The primary objective of this project is to enhance the privacy of Lightning Network’s gossip protocol through the incorporation of zero-knowledge proofs (ZKPs). The proposed solution will encompass several key components, including a well-defined problem statement, the application of ZKPs, an analysis of the chosen ZK system, and an evaluation of the performance overhead associated with the integration of privacy solutions. Optionally, this may involve the practical implementation of the proposed solution within an existing Lightning Network implementation.

Problem definition

The current routing of payments in the Lightning Network relies on complete knowledge of the network’s graph structure. Nodes, when creating new channels, broadcast messages in the form of “channel announcements.” These announcements serve a dual purpose: first, they signify the creation of a new edge within the Lightning graph, and second, they serve as a preventive measure against potential denial-of-service (DoS) attacks launched by nodes announcing spurious channel connections.

Presently, Lightning Network nodes include an additional signature (called “stake certificates”) that attests to their ownership of the UTXO that funded the channel. Unfortunately, this also exposes the transaction ID linking the Lightning channel to the Bitcoin blockchain transaction ledger. Even though newer taproot channels make UTXOs indistinguishable from other spend outputs, they still divulge the funding transaction as part of the channel announcement.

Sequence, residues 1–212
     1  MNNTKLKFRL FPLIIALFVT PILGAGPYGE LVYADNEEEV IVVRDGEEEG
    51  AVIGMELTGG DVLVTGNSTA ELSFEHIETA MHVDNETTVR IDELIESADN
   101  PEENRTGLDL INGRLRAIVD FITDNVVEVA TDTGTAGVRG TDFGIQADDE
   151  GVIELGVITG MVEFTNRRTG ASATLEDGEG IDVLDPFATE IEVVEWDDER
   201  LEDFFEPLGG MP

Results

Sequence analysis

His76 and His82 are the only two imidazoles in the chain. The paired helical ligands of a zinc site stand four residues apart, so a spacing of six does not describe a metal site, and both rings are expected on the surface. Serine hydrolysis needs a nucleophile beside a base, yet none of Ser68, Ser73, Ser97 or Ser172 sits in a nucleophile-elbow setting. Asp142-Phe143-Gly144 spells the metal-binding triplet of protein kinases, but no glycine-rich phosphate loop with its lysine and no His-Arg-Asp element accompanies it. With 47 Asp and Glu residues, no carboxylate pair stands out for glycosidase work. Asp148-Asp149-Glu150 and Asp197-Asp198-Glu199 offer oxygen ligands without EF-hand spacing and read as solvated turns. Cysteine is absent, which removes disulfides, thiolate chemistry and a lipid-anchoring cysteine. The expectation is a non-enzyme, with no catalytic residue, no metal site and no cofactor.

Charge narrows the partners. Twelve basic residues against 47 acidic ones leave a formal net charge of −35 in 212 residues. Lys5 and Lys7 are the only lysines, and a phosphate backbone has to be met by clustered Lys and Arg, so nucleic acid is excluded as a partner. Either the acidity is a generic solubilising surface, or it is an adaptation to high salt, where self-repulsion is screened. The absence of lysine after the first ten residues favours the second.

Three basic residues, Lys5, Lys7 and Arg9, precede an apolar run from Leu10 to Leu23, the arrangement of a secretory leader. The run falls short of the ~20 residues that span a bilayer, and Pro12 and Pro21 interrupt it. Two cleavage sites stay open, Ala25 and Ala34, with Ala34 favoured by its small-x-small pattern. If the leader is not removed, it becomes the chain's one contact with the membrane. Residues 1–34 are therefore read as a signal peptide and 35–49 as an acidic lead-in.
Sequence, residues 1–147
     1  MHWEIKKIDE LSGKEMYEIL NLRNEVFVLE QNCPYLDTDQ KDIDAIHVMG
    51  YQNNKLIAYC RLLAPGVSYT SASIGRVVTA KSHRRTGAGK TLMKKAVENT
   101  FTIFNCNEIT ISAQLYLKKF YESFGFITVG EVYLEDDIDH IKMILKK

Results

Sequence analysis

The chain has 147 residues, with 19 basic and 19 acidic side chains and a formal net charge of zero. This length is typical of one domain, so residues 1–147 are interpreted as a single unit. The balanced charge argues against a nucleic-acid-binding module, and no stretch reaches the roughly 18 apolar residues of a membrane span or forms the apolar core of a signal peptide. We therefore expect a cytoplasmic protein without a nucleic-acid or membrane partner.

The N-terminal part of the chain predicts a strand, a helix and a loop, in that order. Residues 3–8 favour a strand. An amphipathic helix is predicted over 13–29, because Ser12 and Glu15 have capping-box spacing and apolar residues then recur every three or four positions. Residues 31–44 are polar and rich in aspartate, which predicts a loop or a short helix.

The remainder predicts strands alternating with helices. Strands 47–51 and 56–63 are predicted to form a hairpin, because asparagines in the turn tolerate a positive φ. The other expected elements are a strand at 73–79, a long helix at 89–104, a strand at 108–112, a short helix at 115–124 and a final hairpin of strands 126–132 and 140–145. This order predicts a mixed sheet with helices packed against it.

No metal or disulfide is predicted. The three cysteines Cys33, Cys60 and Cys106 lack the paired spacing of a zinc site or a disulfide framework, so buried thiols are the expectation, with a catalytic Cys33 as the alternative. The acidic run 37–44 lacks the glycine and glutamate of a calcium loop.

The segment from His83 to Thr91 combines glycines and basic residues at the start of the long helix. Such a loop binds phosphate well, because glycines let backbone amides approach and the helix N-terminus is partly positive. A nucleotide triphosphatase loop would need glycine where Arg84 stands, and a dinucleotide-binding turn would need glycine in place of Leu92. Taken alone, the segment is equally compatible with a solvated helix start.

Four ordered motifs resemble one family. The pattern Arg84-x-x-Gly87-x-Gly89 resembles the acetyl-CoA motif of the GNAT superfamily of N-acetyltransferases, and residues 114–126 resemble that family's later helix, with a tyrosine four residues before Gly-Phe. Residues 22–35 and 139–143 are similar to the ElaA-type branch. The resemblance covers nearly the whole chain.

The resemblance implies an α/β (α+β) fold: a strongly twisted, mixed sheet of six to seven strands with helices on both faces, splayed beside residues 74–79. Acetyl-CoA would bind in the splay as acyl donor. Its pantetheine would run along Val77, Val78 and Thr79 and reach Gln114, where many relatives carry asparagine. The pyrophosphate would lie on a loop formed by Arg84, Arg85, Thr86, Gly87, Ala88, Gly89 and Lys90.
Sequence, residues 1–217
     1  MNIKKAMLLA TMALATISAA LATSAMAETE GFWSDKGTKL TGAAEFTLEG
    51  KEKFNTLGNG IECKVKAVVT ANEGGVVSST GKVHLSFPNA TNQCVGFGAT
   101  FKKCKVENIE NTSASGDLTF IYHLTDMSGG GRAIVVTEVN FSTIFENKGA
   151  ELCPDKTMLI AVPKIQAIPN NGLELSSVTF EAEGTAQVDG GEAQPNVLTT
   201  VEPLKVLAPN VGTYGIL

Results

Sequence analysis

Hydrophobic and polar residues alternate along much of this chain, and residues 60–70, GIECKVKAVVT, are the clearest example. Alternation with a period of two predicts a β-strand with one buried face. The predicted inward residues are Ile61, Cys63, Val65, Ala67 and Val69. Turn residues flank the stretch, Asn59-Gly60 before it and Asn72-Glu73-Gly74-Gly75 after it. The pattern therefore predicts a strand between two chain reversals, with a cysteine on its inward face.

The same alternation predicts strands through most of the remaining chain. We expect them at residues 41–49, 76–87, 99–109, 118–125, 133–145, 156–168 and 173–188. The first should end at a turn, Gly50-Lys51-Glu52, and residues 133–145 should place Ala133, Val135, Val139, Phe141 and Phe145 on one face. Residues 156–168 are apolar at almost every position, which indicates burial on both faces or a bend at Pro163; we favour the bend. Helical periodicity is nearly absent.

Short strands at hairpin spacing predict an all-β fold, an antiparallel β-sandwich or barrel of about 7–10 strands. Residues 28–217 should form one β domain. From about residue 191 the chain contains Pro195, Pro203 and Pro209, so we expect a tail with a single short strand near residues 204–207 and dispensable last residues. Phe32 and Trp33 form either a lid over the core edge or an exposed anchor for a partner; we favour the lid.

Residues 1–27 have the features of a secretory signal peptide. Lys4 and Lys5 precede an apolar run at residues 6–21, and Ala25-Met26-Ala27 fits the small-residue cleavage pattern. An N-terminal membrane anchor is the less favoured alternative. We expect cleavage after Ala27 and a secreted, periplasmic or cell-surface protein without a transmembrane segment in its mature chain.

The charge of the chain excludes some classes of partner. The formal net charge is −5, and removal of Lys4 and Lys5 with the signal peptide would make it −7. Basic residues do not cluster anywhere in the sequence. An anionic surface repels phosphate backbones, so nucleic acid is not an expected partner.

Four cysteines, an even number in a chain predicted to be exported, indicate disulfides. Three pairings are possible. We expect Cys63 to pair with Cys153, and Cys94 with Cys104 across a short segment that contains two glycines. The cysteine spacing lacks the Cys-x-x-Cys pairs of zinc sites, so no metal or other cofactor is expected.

To address this, a solution is sought that enables network participants to prove that a channel opening UTXO is derived from a Taproot UTXO within the last N blocks. The Taproot upgrade is instrumental here, as it ensures that all taproot transaction outputs are represented as elliptic curve points, making them more amenable to ZK proofs.

The ideal ZK proof system for this context should introduce minimal operational overhead to existing Lightning Network processes. This implies that proof sizes should be compact, as the data is disseminated across the network. Verification speed is a consideration but not a primary bottleneck, as channel announcements can tolerate some delay. Pairing assumptions can be made use of for further efficiency gains. Optionally, if these proofs can be aggregated at the gossip layer it further improves efficiency.

State of the art

Most state-of-the-art work in the context of the Lightning Network predominantly focuses on privacy vulnerabilities. While this is essential, it doesn’t address the specific privacy concerns associated with channel announcement in the Lightning Network.

A lot of work has been investigated into the improvement of ZCash UTXO double spend protocol with Sapling, Orchard. Existing work has been put in set membership protocols that can be actively leveraged to obtain maximal efficiency.

The classic solution to this problem are linkable ring signatures of which the most modern instantiation is Triptych with O(log(N)) size and O(N) linear verification. See also waxwing’s post on this.

A different implementation may place the public keys into some sort of accumulator. The goal of this is that verification time is in O(log(N)) instead of O(N) as in linkable ring signatures. According to the curve tree paper, set inclusion proofs are size O(log(n)) and have verifier time O(D-th root of n) where D is the number of levels in the tree.


The challenges presented by this project are analogous to those encountered in the prevention of double-spending, as observed in ZCash. However, the problem at hand presents unique challenges and opportunities: